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Today the Sartorius Hills, or Sartorius Craters, are one of the many tourist destinations on the northern side of Mount Etna. Harmless black hills, surrounded by a wood of cheery birch, chestnut and oak trees, families go picnic here, and hikers test the strength of their legs as they climb each crater. But so much beauty (on one side you can admire the top of the volcano, on the other side the sea) was born, as always happens on Etna, from a fire devastation. The Sartorius, in fact, were formed during an eruption. In 1865.

How did the eruption start?

The eruption started in January 1865 and ended five months later, going on at specific periods. In an Italy fresh from political unification, Mount Etna made itself known even beyond the borders of Sicily, with this terrible spectacle that also put some town in danger.

On January 28, a strange gas emission began from the Frumento delle Concazze Hill area. This was followed by roars and earthquakes that lasted for a long time, until the next day. Shortly before midnight on January 29, in fact, a fracture made its way up the north flank of the volcano: three tall lava fountains emerged from the woods, between 1800 and 1750 meters above sea level. Not even twenty-four hours later, eight vents opened on the extension of the fracture which reached 400 meters in length!

sartorius eruption 1865-2Evolution of the eruption

In the first week of February the fractures had already become real craters. Initially small ones, then increasingly taller. The lava, as well as with the fountains, began to come out in the form of streams which, however – at first – seemed go slow.

If the first streams stopped already on February 12, many others came out between March and May of the same year, alternating short breaks. Each stream of lava proceeded with different speeds and one approached the village of Vena. It was the intervention of the Virgin Mary, according to popular belief, that stopped the river of fire. To remember this, there is still today a votive altar with the date of those days.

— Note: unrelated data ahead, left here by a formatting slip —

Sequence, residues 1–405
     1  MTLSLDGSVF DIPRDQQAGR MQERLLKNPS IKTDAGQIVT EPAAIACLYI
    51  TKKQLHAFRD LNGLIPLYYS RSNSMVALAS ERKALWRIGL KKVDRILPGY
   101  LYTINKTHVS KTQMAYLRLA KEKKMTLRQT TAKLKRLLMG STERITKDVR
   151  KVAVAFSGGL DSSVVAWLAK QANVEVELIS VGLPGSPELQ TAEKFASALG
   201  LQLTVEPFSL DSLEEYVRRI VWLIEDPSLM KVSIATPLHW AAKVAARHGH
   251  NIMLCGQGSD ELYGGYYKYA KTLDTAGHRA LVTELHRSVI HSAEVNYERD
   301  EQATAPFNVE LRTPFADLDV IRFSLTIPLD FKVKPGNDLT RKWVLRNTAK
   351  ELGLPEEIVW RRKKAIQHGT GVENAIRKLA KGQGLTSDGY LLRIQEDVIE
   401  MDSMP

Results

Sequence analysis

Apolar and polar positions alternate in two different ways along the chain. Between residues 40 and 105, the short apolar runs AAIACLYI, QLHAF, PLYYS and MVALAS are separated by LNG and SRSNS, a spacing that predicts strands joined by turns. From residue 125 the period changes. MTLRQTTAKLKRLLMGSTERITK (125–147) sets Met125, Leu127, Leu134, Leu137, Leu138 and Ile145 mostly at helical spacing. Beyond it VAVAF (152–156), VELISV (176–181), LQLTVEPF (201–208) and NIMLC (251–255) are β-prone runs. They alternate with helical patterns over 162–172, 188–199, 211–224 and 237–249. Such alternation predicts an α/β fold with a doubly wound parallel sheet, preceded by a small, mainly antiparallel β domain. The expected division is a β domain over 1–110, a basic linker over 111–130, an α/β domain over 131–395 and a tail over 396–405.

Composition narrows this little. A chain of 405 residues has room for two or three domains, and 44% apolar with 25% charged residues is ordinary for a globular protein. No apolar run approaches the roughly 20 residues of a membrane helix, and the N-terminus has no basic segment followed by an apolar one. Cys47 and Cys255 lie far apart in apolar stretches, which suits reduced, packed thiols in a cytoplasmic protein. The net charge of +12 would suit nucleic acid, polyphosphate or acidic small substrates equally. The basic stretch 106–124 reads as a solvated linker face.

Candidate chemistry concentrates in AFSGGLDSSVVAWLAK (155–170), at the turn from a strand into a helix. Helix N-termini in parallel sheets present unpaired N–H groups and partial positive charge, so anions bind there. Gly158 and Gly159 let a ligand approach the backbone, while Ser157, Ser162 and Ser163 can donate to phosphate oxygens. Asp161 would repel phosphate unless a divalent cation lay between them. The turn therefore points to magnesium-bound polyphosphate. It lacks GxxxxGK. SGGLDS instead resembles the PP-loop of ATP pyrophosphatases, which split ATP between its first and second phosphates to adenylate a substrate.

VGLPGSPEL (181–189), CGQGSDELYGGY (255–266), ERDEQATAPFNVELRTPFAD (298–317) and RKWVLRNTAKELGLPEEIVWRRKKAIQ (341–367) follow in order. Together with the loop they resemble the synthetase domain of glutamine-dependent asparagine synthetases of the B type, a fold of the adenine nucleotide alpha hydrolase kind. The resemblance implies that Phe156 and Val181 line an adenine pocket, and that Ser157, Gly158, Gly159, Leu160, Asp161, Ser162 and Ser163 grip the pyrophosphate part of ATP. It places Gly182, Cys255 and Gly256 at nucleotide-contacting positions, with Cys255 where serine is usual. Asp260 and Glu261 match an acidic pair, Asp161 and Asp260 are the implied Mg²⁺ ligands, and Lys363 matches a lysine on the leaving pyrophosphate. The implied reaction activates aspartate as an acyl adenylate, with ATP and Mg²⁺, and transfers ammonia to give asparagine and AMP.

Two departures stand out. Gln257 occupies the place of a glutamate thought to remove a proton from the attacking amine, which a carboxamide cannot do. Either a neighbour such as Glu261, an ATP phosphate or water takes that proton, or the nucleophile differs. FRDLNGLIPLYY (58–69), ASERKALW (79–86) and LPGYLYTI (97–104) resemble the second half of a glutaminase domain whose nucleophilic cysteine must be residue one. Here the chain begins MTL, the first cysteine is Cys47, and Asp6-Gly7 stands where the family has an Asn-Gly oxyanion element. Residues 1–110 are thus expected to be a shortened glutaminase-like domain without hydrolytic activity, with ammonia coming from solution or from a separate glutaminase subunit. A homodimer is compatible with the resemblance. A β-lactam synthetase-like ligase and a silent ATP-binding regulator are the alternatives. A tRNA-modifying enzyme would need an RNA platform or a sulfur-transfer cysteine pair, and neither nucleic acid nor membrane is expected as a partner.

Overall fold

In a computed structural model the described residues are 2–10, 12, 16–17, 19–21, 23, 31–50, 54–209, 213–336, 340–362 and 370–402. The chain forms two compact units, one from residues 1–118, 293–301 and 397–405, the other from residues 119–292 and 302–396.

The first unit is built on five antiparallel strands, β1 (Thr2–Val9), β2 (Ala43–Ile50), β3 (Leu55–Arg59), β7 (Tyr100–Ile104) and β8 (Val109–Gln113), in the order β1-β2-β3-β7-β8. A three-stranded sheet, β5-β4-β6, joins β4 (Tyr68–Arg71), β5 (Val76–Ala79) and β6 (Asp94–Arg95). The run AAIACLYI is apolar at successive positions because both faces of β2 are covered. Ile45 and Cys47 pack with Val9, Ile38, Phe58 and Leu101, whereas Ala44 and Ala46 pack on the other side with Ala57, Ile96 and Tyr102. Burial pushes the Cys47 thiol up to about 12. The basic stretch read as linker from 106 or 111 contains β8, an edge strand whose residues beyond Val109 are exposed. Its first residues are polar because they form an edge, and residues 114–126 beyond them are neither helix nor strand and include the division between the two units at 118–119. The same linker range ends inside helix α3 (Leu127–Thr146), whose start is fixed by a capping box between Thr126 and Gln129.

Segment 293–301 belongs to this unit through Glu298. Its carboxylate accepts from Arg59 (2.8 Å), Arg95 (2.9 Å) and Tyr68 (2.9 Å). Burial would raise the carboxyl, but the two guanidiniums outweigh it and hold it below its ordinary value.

The eruption was considered as finished on June 28, 1865. The row of craters that had formed was a terrible -but also fascinating- sight, which the German geologist Wolfgang Sartorius would have loved. He was the first to draw up a detailed geological map of Etna, in 1841. At the time of the eruption he was still alive, but living in Iceland for his studies. The geologists from Catania decided to dedicate the new “lava button line” to him: it is still known as Sartorius Craters today.

Visit the Sartorius Craters

The Sartorius path is one of the easiest on Etna. Very flat, it also allows you to climb the first two small craters (the others, steeper and higher, are more suitable for real trained hikers). Birch groves and viewpoints along the way allow you to enjoy the resort even with children and the elderly.

From Milo or Linguaglossa, follow the Mareneve regional road. Coming from Milo, take a detour before reaching Piano Provenzana, precisely at the crossroads for the Citelli refuge, following the signs for the refuge (on the left). The Sartorius are after a few bends, on a small road closed by the Forest Police barrier. From Linguaglossa, you must first pass the crossroads for Piano Provenzana continuing towards Milo and Zafferana, then turn towards Citelli (on the right). PHOTOS BY GRAZIA MUSUMECI

Autore: Grazia Musumeci

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